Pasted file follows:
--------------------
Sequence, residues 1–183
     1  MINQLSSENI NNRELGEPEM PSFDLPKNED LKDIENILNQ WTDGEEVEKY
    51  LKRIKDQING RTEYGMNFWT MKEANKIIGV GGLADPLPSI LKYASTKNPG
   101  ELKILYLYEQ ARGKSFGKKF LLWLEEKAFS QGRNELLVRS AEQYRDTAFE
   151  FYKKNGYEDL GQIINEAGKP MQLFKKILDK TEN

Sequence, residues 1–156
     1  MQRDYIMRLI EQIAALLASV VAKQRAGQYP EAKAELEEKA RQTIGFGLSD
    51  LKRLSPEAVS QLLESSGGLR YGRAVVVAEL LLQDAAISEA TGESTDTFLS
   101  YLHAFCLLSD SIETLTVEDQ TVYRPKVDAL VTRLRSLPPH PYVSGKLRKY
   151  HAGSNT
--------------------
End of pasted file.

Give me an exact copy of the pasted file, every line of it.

Sequence, residues 1–183
     1  MINQLSSENI NNRELGEPEM PSFDLPKNED LKDIENILNQ WTDGEEVEKY
    51  LKRIKDQING RTEYGMNFWT MKEANKIIGV GGLADPLPSI LKYASTKNPG
   101  ELKILYLYEQ ARGKSFGKKF LLWLEEKAFS QGRNELLVRS AEQYRDTAFE
   151  FYKKNGYEDL GQIINEAGKP MQLFKKILDK TEN

Sequence, residues 1–156
     1  MQRDYIMRLI EQIAALLASV VAKQRAGQYP EAKAELEEKA RQTIGFGLSD
    51  LKRLSPEAVS QLLESSGGLR YGRAVVVAEL LLQDAAISEA TGESTDTFLS
   101  YLHAFCLLSD SIETLTVEDQ TVYRPKVDAL VTRLRSLPPH PYVSGKLRKY
   151  HAGSNT